U.S. Geological Survey
    Attn: Alan O. Allwardt
    Contractor -- Information Specialist
    2885 Mission Street
    Santa Cruz, CA

    831-460-7551 (voice)
    831-427-4748 (FAX)
    aallwardt@usgs.gov
    Date: 26-Apr-2018 (process 3 of 3)
    Added keywords from Coastal and Marine Ecological Classification Standard (CMECS) to metadata. Person who carried out this activity:
    U.S. Geological Survey
    Attn: Alan O. Allwardt
    Contractor -- Information Specialist
    2885 Mission Street
    Santa Cruz, CA

    831-460-7551 (voice)
    831-427-4748 (FAX)
    aallwardt@usgs.gov
  3. What similar or related data should the user be aware of?

How reliable are the data; what problems remain in the data set?

  1. How well have the observations been checked?
  2. How accurate are the geographic locations?
    Faults were primarily mapped by interpretation of seismic reflection profile data (see OFR 2013-1071). Faults lines were digitized by heads-up screen digitization on to shot-point picks from seismic- line navigation data - each shot point has an associated lat/long in the survey data. Error is introduced from layback, as well as from interpretation of oblique features, so horizontal accuracy of fault and fold location is estimated to be on the order of 10 to 20 meters.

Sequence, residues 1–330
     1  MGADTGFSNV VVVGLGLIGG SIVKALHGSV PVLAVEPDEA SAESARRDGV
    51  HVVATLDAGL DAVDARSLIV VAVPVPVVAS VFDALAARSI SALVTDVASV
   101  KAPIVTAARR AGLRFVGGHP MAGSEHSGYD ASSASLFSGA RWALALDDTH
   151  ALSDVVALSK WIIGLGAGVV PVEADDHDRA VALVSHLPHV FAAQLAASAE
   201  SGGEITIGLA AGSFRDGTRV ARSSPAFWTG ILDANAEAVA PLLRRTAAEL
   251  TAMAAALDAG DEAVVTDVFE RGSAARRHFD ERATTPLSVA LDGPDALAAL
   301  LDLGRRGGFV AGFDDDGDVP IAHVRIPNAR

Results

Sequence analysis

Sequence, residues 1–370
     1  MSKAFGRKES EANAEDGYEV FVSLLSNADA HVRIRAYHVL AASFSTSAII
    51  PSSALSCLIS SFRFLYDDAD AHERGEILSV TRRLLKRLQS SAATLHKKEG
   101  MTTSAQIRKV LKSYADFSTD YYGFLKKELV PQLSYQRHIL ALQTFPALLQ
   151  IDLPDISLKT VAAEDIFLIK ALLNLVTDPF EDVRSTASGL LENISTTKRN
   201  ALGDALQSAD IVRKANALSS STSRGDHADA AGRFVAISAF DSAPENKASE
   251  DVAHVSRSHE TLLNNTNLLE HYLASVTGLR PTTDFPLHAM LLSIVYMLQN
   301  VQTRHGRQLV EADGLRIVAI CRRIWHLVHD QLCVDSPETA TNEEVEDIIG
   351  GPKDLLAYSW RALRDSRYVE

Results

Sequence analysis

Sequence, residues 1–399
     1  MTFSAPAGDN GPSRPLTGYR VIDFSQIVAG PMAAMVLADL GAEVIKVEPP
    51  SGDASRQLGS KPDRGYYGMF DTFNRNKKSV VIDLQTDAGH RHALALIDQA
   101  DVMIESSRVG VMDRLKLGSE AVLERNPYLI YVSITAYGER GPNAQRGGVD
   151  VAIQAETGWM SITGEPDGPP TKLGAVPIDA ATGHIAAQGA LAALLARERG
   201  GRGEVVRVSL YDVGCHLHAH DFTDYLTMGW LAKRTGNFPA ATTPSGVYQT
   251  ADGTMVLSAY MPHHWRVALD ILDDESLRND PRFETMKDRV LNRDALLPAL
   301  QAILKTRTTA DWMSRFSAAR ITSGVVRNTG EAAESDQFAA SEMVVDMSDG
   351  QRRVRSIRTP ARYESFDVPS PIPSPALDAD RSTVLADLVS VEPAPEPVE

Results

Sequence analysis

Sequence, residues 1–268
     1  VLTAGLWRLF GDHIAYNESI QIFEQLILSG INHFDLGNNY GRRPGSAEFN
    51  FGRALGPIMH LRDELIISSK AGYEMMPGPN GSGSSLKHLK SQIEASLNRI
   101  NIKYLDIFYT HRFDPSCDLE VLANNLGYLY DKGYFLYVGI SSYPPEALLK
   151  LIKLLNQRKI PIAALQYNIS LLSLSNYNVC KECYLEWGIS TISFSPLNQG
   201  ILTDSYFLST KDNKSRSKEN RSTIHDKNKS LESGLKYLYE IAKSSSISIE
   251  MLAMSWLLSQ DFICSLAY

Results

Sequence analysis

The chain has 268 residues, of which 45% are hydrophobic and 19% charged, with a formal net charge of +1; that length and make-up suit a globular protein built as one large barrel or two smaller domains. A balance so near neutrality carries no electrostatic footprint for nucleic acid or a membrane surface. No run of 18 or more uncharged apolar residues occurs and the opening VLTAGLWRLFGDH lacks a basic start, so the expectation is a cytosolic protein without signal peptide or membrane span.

3. How accurate are the heights or depths?
  4. Where are the gaps in the data? What is missing?
    Data are complete: no offshore features that could be accurately identified and represented at the compilation scale of 1:24,000 were eliminated or generalized. The smallest area represented is approximately 100 square meters. All geospatial database elements are attributed.
  5. How consistent are the relationships among the observations, including topology?